When the pair of guides 38 and 40, immediately followed by roller 1, reach a position adjacent the hinged side of the cover, the inner surface of the thick outer portion 44 of guide 38 contacts the flexible tube portion positioned immediately above the notch 58 and, as the guides proceed in their rotary motion, the tube portion is biased and flexed by guide 38 laterally inwardly, i.e. toward the panel 14, and therefore into a position against or closely adjacent the inner surface of the member 12. This is shown in FIG. 5. Hence, the roller 1 immediately following such a pair of guides makes rolling contact with this tube portion. Because the rounded closed end of notch 58 is adjacent the middle of the member 12, along its longitudinal axis, the notch assists in maintaining the tube in this position so that the tube is contacted by the axial center portion of the roller 1 when the roller comes into contact with the tube. Also, the distance between the inner surfaces of guides 38 and 40 is such as to maintain the tube in such position, i.e. under the axial center portion of the rollers.

As the pair of guides 38 and 40 continue to move around and adjacent the inner circumference of the upper arcuate portion of the member 12, they continue to laterally displace the flexible tubing toward the panel and hence closely adjacent or against the inner surface of the member 12, all the while being followed by the associated roller 1 which progressively makes the rolling contact with the tube. Hence, by the time the pair of guides 38 and 40 reach the side of the cover opposite that of the hinge 50 the flexible tube is fully loaded into its operative position between the inner surface of the U-shaped member 12 and the resiliently biased rollers 1 and 2. At this point the resiliently biased cover completely closes against the U-shaped member and the loading operation is complete and the pump is in full operation. This is shown at FIG. 6.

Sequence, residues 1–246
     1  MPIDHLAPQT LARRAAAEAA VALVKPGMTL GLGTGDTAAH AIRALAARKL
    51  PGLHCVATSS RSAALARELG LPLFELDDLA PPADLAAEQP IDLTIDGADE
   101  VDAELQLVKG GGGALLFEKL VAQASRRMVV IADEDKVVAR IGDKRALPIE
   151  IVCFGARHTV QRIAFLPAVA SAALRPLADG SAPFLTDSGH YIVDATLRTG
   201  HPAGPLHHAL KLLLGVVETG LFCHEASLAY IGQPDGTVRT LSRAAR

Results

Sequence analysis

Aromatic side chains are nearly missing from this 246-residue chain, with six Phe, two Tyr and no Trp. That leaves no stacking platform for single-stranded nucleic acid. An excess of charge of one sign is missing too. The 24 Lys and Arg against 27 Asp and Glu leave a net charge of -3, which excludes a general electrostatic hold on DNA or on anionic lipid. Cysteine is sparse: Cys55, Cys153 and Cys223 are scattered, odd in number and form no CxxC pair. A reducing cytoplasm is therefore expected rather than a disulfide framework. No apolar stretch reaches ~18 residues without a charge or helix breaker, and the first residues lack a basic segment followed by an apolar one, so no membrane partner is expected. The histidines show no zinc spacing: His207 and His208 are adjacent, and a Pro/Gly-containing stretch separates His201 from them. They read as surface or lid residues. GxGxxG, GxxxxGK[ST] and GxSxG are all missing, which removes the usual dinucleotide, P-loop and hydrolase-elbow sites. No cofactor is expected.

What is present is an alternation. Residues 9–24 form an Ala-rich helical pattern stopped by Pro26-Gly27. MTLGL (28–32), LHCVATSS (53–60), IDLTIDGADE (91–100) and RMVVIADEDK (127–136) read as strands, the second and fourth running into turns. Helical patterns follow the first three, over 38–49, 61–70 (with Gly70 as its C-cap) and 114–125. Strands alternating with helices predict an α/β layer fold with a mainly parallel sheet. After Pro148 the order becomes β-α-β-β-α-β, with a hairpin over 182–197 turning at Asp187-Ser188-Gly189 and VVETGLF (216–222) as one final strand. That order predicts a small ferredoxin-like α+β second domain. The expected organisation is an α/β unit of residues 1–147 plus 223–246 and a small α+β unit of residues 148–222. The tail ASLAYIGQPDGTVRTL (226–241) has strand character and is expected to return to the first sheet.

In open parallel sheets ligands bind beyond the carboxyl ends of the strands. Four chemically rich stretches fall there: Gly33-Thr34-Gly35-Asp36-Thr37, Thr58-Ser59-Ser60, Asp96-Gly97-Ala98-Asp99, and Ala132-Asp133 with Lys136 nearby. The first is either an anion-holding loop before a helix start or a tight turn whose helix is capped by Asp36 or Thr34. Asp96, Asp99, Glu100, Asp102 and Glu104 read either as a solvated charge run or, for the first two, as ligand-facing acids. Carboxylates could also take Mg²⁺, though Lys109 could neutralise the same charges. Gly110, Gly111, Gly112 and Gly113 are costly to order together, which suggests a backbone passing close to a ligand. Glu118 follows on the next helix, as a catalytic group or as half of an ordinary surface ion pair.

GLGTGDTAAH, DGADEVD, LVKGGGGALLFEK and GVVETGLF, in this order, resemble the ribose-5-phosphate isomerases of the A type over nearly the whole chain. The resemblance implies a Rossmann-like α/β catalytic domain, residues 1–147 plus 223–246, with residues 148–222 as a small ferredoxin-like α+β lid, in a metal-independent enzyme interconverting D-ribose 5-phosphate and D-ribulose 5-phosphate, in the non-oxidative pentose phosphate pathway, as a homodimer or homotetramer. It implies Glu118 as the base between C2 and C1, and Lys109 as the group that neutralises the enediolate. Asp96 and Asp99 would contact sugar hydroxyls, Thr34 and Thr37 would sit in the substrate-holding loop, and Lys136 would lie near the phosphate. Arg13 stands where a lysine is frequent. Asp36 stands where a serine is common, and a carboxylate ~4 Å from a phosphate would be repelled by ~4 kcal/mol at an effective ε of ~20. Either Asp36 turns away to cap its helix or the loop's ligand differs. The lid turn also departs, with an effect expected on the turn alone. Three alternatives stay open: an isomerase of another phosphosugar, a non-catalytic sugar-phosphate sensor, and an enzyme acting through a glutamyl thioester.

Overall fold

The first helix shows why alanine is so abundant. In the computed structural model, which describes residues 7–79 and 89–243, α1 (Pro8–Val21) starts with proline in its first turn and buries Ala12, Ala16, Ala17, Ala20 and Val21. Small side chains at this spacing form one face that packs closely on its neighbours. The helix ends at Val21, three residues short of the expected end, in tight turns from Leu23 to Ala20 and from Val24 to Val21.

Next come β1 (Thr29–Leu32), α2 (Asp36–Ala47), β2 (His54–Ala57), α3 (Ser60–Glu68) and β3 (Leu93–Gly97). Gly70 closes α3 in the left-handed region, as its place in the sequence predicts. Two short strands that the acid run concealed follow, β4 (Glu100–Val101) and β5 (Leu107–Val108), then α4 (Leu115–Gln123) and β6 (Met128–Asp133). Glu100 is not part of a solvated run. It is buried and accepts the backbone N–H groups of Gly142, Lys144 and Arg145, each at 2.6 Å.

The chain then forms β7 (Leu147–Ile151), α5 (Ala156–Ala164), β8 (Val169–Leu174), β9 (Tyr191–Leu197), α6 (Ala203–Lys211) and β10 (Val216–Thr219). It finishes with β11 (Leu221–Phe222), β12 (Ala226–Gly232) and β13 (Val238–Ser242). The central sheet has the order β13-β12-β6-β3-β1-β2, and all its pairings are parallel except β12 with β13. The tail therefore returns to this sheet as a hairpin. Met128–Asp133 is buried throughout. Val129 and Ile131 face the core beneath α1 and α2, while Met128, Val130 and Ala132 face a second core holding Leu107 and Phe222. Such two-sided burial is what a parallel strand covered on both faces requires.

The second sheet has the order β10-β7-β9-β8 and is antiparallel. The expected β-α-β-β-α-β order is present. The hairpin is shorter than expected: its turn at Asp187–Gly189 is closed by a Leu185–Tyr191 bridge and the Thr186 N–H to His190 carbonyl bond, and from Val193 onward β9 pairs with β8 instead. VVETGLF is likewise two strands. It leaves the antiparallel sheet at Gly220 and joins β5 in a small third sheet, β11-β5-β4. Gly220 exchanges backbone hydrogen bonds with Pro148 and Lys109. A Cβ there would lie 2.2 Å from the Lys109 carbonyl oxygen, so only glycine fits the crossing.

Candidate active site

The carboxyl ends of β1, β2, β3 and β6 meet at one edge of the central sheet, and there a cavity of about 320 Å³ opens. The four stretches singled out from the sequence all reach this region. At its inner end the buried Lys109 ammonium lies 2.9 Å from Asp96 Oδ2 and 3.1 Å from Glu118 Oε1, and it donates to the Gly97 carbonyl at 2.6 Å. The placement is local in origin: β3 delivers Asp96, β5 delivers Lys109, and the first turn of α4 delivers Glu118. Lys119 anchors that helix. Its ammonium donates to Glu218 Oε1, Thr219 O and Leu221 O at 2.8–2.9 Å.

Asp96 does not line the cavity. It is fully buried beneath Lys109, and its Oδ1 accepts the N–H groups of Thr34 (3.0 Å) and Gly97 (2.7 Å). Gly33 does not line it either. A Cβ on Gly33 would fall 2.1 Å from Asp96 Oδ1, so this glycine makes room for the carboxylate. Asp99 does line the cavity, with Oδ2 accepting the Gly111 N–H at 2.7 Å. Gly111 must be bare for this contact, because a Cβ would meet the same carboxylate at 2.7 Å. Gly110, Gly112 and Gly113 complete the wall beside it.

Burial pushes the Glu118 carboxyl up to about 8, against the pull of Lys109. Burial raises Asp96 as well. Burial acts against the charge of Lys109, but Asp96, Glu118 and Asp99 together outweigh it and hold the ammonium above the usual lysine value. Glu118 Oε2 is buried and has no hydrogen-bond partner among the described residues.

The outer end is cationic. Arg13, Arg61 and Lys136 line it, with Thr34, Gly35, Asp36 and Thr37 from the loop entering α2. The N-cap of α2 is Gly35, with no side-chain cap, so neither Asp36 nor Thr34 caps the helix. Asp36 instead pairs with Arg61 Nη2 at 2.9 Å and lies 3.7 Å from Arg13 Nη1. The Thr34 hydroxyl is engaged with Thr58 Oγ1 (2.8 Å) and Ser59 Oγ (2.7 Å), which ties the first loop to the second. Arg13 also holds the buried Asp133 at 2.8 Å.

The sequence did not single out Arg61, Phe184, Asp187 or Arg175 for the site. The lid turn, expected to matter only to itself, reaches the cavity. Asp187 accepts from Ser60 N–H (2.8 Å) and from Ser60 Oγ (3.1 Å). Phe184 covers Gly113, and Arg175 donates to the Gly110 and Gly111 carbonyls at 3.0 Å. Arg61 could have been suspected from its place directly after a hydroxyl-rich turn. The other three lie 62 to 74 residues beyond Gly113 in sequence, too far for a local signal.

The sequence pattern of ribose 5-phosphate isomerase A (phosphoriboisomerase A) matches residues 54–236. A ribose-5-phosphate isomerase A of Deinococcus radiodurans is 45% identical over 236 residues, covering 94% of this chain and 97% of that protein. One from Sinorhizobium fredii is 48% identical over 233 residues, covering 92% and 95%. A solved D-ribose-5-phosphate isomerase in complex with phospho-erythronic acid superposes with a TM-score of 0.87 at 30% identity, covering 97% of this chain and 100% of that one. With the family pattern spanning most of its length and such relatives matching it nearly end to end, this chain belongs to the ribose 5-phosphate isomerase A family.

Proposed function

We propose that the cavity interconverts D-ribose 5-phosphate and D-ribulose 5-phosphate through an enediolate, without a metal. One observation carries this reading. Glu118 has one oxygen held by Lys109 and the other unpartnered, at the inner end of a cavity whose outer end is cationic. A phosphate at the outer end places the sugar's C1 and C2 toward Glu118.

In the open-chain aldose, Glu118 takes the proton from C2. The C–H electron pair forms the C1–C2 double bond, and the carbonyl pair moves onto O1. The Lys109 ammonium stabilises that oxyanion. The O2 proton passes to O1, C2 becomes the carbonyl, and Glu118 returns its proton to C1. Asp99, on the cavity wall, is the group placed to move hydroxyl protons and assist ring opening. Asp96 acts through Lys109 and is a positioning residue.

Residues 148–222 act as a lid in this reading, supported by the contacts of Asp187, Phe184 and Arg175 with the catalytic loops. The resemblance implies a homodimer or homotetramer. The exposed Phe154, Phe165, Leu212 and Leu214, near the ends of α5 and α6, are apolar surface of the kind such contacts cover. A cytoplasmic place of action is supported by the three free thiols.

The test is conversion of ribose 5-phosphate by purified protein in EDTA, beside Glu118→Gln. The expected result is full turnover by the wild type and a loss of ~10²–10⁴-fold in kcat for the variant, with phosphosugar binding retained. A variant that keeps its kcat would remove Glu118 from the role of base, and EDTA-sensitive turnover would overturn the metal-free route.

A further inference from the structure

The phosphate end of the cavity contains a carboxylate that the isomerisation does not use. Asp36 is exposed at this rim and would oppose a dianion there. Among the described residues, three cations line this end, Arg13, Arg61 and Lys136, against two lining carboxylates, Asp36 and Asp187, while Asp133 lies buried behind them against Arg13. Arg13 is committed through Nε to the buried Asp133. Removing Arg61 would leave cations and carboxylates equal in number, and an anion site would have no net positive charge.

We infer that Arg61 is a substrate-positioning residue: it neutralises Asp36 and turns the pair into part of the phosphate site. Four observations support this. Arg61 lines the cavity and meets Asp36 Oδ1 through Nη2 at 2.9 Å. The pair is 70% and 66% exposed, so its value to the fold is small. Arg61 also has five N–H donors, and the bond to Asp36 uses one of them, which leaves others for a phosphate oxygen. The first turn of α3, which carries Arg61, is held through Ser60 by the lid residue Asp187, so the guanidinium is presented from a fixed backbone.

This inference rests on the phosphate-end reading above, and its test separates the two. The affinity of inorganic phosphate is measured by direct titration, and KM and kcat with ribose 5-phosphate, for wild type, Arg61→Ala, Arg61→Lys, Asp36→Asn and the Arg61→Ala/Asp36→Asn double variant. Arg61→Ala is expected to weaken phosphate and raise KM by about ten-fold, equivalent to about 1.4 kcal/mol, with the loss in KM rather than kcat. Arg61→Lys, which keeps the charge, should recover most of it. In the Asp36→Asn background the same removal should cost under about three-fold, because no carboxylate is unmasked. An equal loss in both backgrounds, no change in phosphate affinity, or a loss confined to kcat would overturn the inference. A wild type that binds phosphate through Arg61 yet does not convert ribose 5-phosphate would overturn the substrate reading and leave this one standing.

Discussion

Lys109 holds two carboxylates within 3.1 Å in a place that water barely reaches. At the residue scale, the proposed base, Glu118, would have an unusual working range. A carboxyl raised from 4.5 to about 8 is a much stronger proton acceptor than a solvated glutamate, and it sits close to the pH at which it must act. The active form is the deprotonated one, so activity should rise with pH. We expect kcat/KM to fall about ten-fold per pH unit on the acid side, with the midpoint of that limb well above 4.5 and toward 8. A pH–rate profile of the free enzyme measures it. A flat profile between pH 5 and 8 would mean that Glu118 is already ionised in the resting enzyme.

After use of the device is completed (i.e. treatment of the patient by circulation of the blood through the artificial kidney is completed) and it is desired to unload the tube from the pump, it is only necessary to open the door 48 while the rotor is left in operation. When the door commences to be opened the slot 56, because it extends parallel to the inner surface 12 (and hence perpendicular to the plane of the U-shaped portion of the tubing in the pump), simply pulls away from the tubing leaving the tubing in the pump. However, prior to the door being fully opened (as in a position such as shown in FIG. 4) the slot 58 moves the tube portion immediately adjacent the notch 58 laterally away from the inner surface of member 12 and hence in a direction away from panel 14. After this occurs and a set of guides, for example guides 38 and 40, reach such portion of the tube, the outer surface of the outer guide, e.g. guide 38, contacts the tube and as the guides continue their rotary movement the tube is sequentially unloaded, the unloading being complete when the other roller reaches a position where it is out of contact with the tube. With the tube thus unloaded, the rotor can be turned off. It should be noted that even if notch 58 were oriented in the same direction as, i.e. parallel to, notch 56, the notch 58 would nevertheless move the flexible tube outwardly upon opening the door -- this because of the short radius of the arcuate movement of the notch 58 when the door is opened. However, by orienting notch 58, as shown, there is greater or more rapid movement of the flexible tubing from the member 12 when the door is opened.